If you’ve applied to a college as early decision, you’re probably on tenterhooks right about now. At most colleges, those decisions will be made this month, and you’ll soon have your answer as to whether you’ve been admitted to your dream school.
With a little luck, that answer will be a thrilling “yes,” and you’ll be able to celebrate (and stop stressing about college applications!). Unfortunately, though, not everyone will receive this good news. There are two other potential outcomes for your early decision application: deferral and denial. While acceptance is pretty clear, the other two options can be more ambiguous.
What Is Deferral?
In the context of early decision applications, deferral means that the college wasn’t able to accept you in the early decision cycle, but sees enough potential in your application to want to evaluate it again with the regular decision applicants. Basically, your ED application has been turned into a regular decision application.
What this means for you:
- Your application is no longer binding. If you’re accepted during the regular decision process, you are no longer obligated to attend this school.
- You have more freedom. You can apply to other schools and decide among all the colleges that accept you.
- You can take some steps to increase your odds of getting into the school that deferred you during the upcoming regular decision round — if that’s still what you want. Stay tuned for our upcoming post on exactly this!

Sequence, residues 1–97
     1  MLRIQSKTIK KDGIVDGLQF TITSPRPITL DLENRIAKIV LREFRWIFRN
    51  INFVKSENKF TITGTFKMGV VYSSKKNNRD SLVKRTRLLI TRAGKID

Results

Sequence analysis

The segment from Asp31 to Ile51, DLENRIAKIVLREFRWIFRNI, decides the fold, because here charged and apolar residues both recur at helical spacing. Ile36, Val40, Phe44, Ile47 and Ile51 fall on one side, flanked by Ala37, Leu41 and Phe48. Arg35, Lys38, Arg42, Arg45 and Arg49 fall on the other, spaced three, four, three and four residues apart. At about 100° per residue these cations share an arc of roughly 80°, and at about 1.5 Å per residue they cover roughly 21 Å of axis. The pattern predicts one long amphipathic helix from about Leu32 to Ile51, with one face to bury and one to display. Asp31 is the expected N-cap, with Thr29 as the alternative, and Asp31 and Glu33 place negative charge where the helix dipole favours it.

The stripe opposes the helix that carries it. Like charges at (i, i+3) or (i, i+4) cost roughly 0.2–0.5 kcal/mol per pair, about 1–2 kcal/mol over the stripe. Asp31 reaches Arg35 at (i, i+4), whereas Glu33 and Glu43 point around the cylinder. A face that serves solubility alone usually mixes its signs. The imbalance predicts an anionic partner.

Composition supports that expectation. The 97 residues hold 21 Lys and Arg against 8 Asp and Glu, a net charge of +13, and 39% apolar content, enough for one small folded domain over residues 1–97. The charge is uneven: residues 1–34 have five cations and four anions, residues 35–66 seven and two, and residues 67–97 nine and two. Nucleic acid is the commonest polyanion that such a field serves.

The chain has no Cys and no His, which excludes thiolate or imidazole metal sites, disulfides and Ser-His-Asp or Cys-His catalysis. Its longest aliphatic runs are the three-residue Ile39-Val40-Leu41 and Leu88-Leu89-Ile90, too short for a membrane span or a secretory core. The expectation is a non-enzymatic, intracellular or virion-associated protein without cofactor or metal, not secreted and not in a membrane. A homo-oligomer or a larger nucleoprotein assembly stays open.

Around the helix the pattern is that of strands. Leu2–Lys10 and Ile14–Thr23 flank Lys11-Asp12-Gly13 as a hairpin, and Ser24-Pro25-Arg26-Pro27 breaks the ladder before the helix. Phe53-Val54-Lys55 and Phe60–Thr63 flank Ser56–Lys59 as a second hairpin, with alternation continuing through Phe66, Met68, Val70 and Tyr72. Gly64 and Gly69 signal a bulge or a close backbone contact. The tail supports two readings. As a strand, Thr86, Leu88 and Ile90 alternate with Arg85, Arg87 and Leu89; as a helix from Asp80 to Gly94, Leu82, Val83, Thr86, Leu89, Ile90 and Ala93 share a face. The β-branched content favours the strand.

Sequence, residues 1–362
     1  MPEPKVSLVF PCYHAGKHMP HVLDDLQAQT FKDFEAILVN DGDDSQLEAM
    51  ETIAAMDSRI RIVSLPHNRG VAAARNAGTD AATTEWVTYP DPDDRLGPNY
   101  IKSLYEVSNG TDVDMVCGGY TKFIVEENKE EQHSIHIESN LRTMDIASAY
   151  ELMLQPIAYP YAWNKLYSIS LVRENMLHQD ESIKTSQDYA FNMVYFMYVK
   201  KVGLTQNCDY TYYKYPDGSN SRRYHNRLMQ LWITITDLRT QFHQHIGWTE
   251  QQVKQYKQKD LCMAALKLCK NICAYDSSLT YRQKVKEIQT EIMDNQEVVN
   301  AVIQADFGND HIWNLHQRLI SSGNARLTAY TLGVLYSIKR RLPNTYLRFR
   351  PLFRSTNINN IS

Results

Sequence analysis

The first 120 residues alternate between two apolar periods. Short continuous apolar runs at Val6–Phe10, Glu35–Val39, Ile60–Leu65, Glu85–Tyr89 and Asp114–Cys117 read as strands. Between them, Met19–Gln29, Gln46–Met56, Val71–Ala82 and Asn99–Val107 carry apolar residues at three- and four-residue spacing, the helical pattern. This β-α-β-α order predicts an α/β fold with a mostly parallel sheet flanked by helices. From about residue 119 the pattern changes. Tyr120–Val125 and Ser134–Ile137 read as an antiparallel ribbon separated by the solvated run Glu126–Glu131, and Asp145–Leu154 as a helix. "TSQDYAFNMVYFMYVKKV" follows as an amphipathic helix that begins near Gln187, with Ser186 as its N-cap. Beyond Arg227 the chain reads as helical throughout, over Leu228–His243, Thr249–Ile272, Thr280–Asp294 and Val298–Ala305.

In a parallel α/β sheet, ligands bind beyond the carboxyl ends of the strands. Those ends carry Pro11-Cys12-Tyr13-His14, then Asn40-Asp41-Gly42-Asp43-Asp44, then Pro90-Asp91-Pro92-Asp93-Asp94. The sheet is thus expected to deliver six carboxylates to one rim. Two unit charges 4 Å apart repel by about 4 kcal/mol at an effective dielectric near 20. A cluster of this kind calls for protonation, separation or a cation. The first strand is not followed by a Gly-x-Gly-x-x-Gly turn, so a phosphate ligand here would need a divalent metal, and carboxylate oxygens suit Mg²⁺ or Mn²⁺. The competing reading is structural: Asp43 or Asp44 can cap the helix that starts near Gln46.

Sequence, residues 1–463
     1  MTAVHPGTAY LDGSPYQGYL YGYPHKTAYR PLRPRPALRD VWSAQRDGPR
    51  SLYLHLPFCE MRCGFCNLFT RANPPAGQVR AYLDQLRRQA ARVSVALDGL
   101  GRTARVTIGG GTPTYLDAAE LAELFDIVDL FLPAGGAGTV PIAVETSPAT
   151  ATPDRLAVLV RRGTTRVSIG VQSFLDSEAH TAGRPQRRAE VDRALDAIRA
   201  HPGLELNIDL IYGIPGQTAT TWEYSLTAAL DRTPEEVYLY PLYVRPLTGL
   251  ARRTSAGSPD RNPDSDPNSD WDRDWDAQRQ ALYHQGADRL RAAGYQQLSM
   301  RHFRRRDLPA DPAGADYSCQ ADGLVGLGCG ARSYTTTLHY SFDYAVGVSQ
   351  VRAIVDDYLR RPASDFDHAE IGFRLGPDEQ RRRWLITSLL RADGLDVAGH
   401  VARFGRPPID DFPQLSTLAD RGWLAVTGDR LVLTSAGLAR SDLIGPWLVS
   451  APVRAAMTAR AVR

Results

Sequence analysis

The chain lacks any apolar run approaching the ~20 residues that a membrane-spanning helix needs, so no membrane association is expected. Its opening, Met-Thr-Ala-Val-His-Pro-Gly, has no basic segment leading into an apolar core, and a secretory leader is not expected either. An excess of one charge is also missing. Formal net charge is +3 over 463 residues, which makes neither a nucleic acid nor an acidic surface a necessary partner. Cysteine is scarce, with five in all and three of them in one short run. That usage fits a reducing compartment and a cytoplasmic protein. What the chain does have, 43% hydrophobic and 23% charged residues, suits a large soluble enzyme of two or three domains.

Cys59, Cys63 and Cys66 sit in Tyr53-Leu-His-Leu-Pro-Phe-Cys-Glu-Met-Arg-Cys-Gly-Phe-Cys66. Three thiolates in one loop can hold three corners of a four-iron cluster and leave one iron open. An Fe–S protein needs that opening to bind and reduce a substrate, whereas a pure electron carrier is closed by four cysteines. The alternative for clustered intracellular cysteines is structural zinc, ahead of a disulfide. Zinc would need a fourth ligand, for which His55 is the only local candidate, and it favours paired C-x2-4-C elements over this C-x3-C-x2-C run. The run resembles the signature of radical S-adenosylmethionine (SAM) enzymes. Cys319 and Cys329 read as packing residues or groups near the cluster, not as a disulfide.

What Is Denial?
Unlike deferral, denial means that the college in question is not going to consider your application again during the regular admissions period. Your application has been denied entirely, not just denied for early decision.
A common question is whether you can reapply during regular admissions if you’ve been denied during early admissions. Unfortunately, the answer is no. An ED denial is final for the entire application cycle.
Of course, you still have some options to consider:
- You’re now free of the binding commitment of ED, so you can turn your attention toward other schools that may be better fits for you.
- You can take a gap year between high school and college. A denial is just for the upcoming year, not forever. If you take a gap year, you can reapply to your dream school next year after spending the next months doing things to strengthen your application.
- Depending on the school, you may be able to appeal the rejection. Not all schools allow this, and there’s not much chance you’ll be successful in your appeal. Still, if this was your dream school (and especially if there was a mistake or you neglected to include something in your original application), it may be worth a shot.
- Check whether any of the other schools high on your list have an Early Decision II option. This is similar to ED in that it’s binding, but applications for it are generally due at the same time as regular applications. However, you’ll typically find out the decision by early February.